BIRDS OF A FEATHER
Guides taking twitchers under their wings to discover the best of Limpopo’s diverse avian life
Bird guides David Letsoalo and Samson Mulaudzi educate the public about their feathered friends and the vital roles they play in South Africa’s diverse ecosystems.
I had to wait three years to experience the world of birds and biodiversity through the lens of David Letsoalo.
A resident of Makotopong, a village of 25,000 people some 20km outside Polokwane, with the Mall of the North its closest landmark, Letsoalo was voted by BirdLife South Africa as the country’s best bird guide in 2007.
I first met him while wearing my hat of a conservation and travel writer of some 20 years standing. We were exploring Limpopo activities and back roads, and Letsoalo was introduced as our guide for a jaunt through a chunk of the Woodbush — aka the more lyrically named Houtbos — state forest. That’s when I learnt that Woodbush was the second-largest tract of indigenous forest in South Africa.
“Good birds,” said Letsoalo, while dodging straining tree roots on the mulch-moist forest floor and occasionally glancing skywards into the tree canopy. “Very good birding.” But with so much organic forest life “happening” underfoot and among the ferns, which Letsoalo was interpreting for the group of visitors, there simply hadn’t been time to test his claim.
When I finally did, I found his knowledge of and enthusiasm for birdlife infectious, his vision astounding.
Letsoalo says he’s currently guiding about six times a month, and “a lot during the dry times”. From recent experience this makes sense. For as beautiful as the Woodbush and Magoebaskloof forests may be — and where he is a regular visitor — in the rain, birding beneath a wet and dripping canopy is often a non-event, restricted to the very occasional and daring “bird party”.
A qualified motor mechanic and a potter, this Limpopo resident says being a professional bird guide is not so much a choice as a passion. “Birds are companions of human beings and indicators in most cases, as with a possible snake nearby, and there is a lot to learn from them.”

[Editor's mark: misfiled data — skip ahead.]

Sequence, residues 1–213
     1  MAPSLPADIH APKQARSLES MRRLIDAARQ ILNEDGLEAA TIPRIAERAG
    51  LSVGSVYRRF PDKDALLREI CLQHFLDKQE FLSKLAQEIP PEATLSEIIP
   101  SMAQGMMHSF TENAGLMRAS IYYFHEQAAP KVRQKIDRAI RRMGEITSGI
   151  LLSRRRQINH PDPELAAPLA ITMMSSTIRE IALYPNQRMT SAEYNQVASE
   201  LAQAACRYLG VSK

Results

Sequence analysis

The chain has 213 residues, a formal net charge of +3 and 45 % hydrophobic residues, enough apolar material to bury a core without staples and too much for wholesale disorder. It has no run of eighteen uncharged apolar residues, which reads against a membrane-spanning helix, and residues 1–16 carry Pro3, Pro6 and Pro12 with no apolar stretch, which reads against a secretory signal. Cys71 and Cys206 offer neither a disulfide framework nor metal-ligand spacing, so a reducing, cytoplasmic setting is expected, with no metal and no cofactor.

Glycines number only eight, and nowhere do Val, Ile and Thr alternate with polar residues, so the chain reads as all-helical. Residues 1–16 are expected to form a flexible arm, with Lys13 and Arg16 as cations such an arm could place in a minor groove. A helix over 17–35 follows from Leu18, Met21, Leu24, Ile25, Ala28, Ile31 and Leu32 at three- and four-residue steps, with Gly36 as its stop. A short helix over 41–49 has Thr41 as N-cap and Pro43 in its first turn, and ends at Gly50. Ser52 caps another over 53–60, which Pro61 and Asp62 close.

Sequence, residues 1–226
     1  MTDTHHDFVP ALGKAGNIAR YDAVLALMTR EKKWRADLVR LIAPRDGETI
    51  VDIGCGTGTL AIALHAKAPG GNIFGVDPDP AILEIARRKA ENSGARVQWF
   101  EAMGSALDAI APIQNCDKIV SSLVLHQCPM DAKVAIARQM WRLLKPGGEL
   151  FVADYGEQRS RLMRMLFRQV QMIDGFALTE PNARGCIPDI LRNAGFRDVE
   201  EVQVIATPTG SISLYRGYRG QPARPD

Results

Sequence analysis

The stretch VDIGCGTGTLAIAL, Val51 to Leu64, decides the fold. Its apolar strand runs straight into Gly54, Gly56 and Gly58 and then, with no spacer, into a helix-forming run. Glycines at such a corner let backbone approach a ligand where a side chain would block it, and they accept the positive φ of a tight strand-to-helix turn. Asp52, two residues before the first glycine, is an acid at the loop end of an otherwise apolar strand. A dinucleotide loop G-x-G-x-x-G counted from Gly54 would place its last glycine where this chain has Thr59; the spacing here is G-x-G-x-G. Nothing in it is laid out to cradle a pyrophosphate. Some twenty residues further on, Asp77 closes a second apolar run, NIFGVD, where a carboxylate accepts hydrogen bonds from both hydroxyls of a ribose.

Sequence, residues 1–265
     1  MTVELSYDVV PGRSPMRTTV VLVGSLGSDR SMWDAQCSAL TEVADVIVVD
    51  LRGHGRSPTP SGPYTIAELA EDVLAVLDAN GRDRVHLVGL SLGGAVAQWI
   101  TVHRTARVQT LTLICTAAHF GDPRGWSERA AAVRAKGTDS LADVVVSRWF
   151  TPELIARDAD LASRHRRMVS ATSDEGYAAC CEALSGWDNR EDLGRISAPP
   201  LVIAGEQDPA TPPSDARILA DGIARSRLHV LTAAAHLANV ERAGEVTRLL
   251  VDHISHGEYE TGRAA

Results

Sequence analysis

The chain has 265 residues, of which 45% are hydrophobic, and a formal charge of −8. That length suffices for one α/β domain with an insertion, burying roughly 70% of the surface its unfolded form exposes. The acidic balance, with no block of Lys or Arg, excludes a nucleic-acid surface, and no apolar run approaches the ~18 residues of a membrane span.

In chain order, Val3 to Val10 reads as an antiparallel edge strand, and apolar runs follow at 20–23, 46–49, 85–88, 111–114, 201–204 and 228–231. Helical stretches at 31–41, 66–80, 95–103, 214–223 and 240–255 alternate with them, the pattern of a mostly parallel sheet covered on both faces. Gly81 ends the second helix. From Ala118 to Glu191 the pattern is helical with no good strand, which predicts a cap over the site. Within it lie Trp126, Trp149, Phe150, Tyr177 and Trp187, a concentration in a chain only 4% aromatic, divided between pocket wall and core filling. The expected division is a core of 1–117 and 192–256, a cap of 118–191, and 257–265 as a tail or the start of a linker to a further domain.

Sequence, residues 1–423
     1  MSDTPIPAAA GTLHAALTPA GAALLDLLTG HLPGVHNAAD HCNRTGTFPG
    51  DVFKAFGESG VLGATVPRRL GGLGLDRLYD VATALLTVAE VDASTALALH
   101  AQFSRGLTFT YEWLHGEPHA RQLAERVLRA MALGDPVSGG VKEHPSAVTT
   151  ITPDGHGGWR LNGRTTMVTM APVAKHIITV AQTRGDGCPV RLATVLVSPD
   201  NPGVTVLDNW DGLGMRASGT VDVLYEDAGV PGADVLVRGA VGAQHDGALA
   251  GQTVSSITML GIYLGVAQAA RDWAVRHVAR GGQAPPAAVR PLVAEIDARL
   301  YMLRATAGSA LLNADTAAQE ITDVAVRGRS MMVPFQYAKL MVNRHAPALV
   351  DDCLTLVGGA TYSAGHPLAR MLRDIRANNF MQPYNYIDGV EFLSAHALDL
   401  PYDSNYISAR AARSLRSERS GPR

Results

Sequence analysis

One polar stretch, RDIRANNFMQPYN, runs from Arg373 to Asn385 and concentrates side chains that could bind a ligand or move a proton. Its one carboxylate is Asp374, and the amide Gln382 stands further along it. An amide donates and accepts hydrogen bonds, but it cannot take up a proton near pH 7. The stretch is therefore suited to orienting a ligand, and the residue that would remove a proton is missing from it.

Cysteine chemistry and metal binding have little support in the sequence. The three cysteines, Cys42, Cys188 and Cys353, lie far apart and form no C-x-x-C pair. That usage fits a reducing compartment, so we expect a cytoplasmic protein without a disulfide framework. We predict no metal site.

He speaks of certain species changing their environment as global warming marches through established climatic patterns, like the heat-loving puffadder being seen “at high altitude, where it is cold in winter”. This invites recollection of the arrival of the grey lourie — go-away bird — in Johannesburg after a major drought around 1992. And of course the irrepressible hadeda ibis.
Samson of the Soutpansberg
Far north in the Venda village of Tshivhazwaulu Maunavhathu, in the Vuwani area of Limpopo’s Vhembe municipality, birding guide Samson Mulaudzi says he can’t say birding is a good living. Like Letsoalo, he says he is busy “in season” — from October when the migrants return from up north — to March, when the swallows line up with military precision on the telegraph wires in preparation for take-off.
These birds have lifted his career. “It is a hobby to me and my profession. In fact, I spend my life in a healthy environment.”
Unlike Letsoalo, who guides nationally and is sometimes flown around the country by his clients, Mulaudzi is what the tourism world refers to as a “site guide”, specialising in his local area. Operating under the name of Birding Soutpansberg and Venda Tours, Mulaudzi says he was “just a caretaker and maintenance [sic] of a farm lodge” before he followed his passion, and quite possibly his dignity, 18 years ago and became a guide.
“I grew up in nature; it is my passion. Birds are the most wonderful creatures in our ecosystem; an important part of our nature and environment, they teach us about seasonal and climate changes.”
Mulaudzi says he feels proud of himself, “especially when educating the young people about birds and their activities”.